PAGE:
Probably the most dangerous thing a person can do is to try to save a person from drowning. Boy Scouting teaches the reach-throw-row-go rule when it comes to helping someone who might be drowning. Certainly jumping in to save another person should only be done as a last resort -- and perhaps it was in this case.
    A lot of us were reminded that while boating and the water can be lot of fun, they can also be deadly. Being on the water demands every safety precaution. In this case, the apparent drowning victim reportedly swam out and gave his life vest to the older man who was struggling. Somehow he didn't make it back to his boat.
    My heart goes out to this family. After witnessing their grief, I doubt any of the children present will object to wearing life vests in the future. To my friends I would add that before attempting to help others, make sure you've safeguarded your own life as well.
    Be safe, and keep this family in your prayers.

Update, 10 a.m., Wednesday, July 6
    WTVA reports that authorities have recovered the body of Robbie Hale, age 46. The story can be found here: Authorities locate body of missing man. A family friend said Mr. Hale was the Farm Bureau agent for New Albany.
    A bit of explanation as to what I believe happened. A family had stopped their pontoon boat and gone swimming. The water at Pickwick was as smooth as glass and there was no wind. No one remained on the pontoon boat. A very sudden storm came up and blew the boat away, stranding the swimmers in water that was suddenly almost as choppy as the ocean.
    Mr. and Mrs. Hale and their son pulled the group out of the water, and Mr. Hale reportedly jumped in and gave his life vest to an older man who was struggling. After this, he apparently drowned.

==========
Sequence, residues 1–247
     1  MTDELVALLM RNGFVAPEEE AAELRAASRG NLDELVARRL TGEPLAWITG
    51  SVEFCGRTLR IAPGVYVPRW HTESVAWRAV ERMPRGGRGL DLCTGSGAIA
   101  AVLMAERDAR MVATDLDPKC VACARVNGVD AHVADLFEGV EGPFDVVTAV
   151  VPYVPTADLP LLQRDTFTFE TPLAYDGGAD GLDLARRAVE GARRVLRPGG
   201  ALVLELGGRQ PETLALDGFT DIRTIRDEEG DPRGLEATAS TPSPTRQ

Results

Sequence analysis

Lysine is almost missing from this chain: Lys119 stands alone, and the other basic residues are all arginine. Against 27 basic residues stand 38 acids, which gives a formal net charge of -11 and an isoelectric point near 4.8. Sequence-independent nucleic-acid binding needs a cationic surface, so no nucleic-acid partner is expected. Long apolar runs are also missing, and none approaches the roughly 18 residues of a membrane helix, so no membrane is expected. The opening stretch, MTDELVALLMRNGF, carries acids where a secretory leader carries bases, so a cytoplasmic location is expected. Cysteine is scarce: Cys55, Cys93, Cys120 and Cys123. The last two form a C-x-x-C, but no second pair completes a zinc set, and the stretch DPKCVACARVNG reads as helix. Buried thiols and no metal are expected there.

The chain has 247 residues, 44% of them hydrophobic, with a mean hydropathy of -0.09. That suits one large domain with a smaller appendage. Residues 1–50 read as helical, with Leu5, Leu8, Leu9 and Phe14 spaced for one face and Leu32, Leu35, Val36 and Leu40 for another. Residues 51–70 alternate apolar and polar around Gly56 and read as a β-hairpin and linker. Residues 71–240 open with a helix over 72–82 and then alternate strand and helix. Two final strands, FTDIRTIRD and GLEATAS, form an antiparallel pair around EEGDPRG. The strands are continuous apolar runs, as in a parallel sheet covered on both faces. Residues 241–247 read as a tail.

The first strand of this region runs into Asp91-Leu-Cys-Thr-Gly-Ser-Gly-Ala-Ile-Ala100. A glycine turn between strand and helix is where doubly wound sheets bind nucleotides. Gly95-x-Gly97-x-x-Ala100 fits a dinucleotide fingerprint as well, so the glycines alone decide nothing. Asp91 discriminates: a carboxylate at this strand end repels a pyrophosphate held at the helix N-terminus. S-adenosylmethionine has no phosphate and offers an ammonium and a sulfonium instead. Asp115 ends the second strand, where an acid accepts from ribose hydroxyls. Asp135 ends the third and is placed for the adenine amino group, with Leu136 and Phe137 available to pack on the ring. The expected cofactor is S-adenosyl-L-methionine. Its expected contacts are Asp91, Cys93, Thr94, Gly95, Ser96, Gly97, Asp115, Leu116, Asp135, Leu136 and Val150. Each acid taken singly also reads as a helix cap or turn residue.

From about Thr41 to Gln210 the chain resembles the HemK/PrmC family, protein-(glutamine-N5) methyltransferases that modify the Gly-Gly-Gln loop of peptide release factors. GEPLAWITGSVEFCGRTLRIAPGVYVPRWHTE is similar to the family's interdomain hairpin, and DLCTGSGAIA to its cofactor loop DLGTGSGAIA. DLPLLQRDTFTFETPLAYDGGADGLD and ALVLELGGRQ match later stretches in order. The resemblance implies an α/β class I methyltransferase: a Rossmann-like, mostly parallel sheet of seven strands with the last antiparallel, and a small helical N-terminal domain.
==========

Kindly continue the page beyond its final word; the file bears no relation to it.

Friday, July 1, 2011

Another reason to join hotel, airline loyalty clubs

    One of the rules for frequent travelers and not-so-frequent travelers is to join every single airline and hotel club that you can earn points in, although you should try to restrict your earning to just a few clubs. In other words, even if you only fly an airline once a year, go ahead and earn the miles. They add up over time.
    Jinny had a couple of nasty experiences recently that point to an additional reason to join the loyalty program of the airline or hotel that you are using. When things go wrong, loyalty club members are often treated better than non-members.
    On a recent visit to Birmingham Jinny made the mistake of booking a room at the Birmingham Sheraton. She had a pre-paid reservation for two nights (not guaranteed, mind you, but pre-paid!). When she arrived, they had sold her room, which she had already paid for, to someone else. The Sheraton is connected to the Convention Center and there was a big concert in town. Jinny feels that they just decided they could rent out her room at a higher rate, send her down the road and make more money. She was attending a trade show, and being forced to stay at an inferior hotel far from the convention center was not a little inconvenient for her.
    Jinny is a Starwood Preferred Guest member, but she didn't have her number on her reservation. It was her intention to look it up and give it to the hotel after her arrival. But that was too late. In deciding whom to walk or bump, the hotel almost certainly started with those who weren't SPG members, a group to which Jinny appeared to belong. Clearly the Sheraton Birmingham is a sleazy operation, but if Jinny had had her number on her reservation, chances are she wouldn't have been walked.
    A week later she flew U.S. Air, an airline she never flies. She didn't bother putting her loyalty number on her reservation. Things went horribly awry, and she probably got far more shabby treatment than she would have had her frequent flier number been on the reservation -- even if her number identified her as a flier with no status. She says there is no need for me to try to find her U.S. Air number; she won't be flying them again.
    The moral of this story is simple: Always join the loyalty club of whatever airline or hotel you are using, and always include your loyalty number! Not only will you earn points, but that number might keep you from being treated like dirt.